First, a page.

- 2013 Grenache: The nose was immediately identifiable as Grenache: milk chocolate and cherry, with a little white pepper adding spice. The mouth was open and generous, with more red cherry and strawberry fruit and a nice chocolatey note. Tangy acids come out on the finish to keep things balanced, but the impression is of lusciousness and baby fat right now.
- 2013 Mourvedre: The nose has an appealing, classic cedary, foresty, loamy note on top of mint and currant fruit. The mouth shows very similar flavors, with nice chunky tannins at the end. It's serious, dry, and long, and should be fun to watch evolve.
- 2013 Syrah: Classic Syrah nose, with chalk, black olive, coffee grounds and squid ink predominant. Not much fruit showing yet, but a little sweet oak. In the mouth, you find the fruit: blackberry, with big tannins that suggest it will benefit from the next year-plus in barrel, and likely additional time aging in bottle. Very chewy and dark.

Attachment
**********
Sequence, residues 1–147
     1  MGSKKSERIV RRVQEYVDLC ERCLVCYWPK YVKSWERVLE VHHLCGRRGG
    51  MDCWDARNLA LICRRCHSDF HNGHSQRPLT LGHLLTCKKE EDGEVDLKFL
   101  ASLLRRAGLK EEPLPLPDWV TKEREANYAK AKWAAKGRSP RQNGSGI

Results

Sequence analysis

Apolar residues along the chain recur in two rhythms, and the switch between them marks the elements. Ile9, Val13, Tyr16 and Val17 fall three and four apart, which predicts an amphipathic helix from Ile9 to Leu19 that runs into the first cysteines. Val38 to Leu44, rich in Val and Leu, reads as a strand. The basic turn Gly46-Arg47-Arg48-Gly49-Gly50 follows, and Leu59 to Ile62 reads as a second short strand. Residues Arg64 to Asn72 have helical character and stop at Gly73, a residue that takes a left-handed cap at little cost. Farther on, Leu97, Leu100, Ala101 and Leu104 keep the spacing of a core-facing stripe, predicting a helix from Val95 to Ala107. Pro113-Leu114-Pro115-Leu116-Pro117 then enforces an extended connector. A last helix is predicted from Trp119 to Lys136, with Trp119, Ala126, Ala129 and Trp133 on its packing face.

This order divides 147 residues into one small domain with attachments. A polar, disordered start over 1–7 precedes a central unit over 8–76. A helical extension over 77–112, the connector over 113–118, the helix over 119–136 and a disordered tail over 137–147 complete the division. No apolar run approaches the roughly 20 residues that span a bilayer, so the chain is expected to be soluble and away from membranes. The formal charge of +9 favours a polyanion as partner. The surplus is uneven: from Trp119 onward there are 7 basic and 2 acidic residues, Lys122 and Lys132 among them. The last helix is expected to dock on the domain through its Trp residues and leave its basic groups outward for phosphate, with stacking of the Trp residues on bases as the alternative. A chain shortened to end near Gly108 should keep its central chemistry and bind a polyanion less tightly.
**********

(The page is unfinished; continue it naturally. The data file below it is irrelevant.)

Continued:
One of the things I was happiest with was the definition between the different blends, between the different varietals, and between the varietals and the blends that were led by those grapes. It's important to us that the Cotes de Tablas not taste too much like the varietal Grenache -- and that it not taste too much like the Esprit or the Patelin. This year, I think we nailed it: each varietal wine is a classic expression of its varietal characteristics, and each blend shows the signature of its leading grape but is, as we typically find, more than the sum of its parts.
It will be a pleasure to get to know these wines over the coming years.